Google to Open Business Campus in Madrid

Google to Open Business Campus in Madrid

Google to Open Business Campus in Madrid

Google is the latest international investor to bet on Spain’s economic recovery, as well as the potential contribution from its growing number of entrepreneurs. The Californian technology giant has announced plans to open a business campus in Madrid in the first half of 2015, to provide support for technology start-ups. Spain is an interesting case within the European start-up scene. Two big cities, Madrid and Barcelona, concentrate between 80 and 90 percent of the country’s start-up activity. Google already has offices in Madrid and the campus will be in the heart of the city, near the Royal Palace and the Almudena Cathedral. It will be one of four new technology hubs to be launched in the coming months. Seoul, Warsaw and Sao Paulo are the other three locations.

Two years ago Google opened its first two campuses in London and Tel Aviv. In 2013, start-ups at Campus London created over 570 jobs. Therefore, the US firm’s choice of Spain for one of its innovation centres is heartening news for the eurozone’s fourth largest economy, still plagued by high unemployment.




Google said it has chosen Spain because of its thriving entrepreneurial spirit. Spanish start-ups are flourishing as business people become more aware that new technologies and innovation are the new drivers of economic growth. At the same time, business incubators, or accelerators are also on the rise as companies seek financing.

Madrid is the headquarters of UEIA, the first European accelerator for technology-based projects. The Spanish government has also showed its support for innovation by implementing reforms to create a business-friendly environment. These include The Entrepreneurs Law and other stimulus measures to provide credit for businesses focusing on new technologies. Google’s initiative will give a massive boost to Spain’s start-up ecosystem, offering entrepreneurs the opportunity to learn and develop ideas, as well as take advantage of the global network of campuses, but Google’s objective is not to be an incubator. Company executives have said they are actively looking for local partners to manage the campus and run its activities.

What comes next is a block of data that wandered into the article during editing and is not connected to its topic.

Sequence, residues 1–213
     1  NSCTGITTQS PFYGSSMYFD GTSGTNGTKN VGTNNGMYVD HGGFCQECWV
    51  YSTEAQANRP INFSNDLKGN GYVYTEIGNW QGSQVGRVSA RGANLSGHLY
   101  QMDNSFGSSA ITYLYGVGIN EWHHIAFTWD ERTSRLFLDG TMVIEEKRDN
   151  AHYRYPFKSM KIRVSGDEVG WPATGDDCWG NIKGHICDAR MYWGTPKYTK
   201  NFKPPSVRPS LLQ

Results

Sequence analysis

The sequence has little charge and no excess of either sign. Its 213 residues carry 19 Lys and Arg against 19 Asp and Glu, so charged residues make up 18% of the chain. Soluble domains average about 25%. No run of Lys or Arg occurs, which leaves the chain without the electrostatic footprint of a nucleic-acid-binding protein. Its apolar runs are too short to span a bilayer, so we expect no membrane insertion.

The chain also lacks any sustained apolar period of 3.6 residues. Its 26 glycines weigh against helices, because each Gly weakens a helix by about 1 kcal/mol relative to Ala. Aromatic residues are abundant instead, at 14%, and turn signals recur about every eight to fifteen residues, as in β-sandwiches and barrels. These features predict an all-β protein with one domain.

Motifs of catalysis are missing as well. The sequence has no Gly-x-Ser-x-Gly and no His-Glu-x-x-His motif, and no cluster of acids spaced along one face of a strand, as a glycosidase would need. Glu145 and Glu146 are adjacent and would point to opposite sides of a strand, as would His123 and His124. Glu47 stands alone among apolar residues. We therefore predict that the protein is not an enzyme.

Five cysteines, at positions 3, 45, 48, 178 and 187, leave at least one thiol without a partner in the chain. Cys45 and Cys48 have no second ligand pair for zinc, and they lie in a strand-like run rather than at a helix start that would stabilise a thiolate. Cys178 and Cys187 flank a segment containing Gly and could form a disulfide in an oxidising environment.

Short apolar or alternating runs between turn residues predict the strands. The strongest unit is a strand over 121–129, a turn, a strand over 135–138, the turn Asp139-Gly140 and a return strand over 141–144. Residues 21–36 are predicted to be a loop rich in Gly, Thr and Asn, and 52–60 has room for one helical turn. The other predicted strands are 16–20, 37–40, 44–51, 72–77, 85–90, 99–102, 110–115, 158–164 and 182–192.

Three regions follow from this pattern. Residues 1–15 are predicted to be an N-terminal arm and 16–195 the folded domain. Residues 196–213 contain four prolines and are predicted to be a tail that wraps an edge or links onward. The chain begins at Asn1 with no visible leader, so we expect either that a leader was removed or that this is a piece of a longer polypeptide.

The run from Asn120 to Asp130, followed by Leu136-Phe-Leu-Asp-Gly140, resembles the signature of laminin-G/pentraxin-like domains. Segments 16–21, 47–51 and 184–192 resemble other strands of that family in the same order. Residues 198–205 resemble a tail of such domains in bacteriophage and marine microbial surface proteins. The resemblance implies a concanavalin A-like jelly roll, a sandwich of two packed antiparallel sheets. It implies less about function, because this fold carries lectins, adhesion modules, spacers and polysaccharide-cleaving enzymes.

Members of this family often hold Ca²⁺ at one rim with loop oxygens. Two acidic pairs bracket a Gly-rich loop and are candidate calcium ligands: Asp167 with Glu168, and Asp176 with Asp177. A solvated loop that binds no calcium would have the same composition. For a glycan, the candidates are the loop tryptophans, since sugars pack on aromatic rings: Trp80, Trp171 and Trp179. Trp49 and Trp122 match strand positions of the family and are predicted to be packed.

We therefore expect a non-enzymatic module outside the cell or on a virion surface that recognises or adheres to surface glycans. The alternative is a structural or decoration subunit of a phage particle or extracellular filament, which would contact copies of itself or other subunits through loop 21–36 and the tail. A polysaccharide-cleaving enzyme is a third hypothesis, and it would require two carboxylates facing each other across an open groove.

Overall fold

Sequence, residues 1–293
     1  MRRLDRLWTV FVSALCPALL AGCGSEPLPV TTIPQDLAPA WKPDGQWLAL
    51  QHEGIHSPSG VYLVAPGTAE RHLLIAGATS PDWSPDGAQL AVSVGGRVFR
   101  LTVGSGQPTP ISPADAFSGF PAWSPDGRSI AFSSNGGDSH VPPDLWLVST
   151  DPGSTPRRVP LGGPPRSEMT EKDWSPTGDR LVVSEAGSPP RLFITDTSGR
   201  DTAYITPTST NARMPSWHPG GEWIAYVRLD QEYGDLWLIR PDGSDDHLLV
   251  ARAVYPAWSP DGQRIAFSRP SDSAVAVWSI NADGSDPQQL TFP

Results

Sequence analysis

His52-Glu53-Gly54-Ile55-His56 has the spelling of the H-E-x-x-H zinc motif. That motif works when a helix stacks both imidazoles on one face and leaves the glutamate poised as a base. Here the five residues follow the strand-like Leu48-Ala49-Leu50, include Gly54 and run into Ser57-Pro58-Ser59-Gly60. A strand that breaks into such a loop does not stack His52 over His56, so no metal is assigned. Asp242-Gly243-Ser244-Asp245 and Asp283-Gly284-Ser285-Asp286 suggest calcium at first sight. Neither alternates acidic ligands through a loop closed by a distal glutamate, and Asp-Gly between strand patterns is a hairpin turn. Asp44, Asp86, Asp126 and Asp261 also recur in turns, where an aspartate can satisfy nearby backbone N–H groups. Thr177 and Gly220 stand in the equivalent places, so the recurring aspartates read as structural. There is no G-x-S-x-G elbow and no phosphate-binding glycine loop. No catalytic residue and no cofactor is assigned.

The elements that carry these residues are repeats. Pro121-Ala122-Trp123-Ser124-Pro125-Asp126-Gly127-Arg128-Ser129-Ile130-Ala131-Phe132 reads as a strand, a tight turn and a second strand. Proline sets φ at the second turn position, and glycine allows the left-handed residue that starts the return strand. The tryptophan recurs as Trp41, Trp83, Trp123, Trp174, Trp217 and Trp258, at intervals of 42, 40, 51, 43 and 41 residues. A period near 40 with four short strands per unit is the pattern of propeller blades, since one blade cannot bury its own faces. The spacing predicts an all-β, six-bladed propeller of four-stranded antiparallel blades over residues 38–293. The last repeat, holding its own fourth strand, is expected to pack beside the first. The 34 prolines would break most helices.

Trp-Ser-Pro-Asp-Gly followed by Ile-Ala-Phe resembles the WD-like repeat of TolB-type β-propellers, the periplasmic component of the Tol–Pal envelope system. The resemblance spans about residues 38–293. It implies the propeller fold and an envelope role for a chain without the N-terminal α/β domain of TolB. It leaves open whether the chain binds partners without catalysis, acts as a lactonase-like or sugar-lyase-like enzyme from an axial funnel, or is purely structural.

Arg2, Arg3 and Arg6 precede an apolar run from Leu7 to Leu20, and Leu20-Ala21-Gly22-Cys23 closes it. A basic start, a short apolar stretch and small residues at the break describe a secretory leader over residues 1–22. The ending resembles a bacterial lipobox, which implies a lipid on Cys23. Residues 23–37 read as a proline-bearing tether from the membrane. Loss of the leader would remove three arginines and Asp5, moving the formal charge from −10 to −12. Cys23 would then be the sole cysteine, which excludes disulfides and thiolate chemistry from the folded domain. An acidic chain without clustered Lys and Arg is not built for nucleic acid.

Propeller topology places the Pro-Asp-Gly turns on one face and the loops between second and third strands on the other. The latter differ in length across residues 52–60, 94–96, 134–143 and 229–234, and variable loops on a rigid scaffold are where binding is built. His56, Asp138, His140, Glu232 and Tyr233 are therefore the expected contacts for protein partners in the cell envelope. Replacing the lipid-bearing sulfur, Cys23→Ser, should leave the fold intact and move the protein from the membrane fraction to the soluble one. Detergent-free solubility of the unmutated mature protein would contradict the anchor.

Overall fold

Madrid’s Google campus is expected to have a wide reach not just in Spain but in southern Europe and beyond. It will also be a magnet for international investors, already turning their sights back to Spain as economic indicators continue to please. The government recently raised its growth forecasts for 2014 and 2015, in stark contrast to peers like France and Italy’s decision to slash their outlook. Google’s confidence in Spain’s entrepreneurial potential will help ensure that the growth prospects are sustainable.

For information on investing in Spain, contact corporate law firm Argali Abogados.

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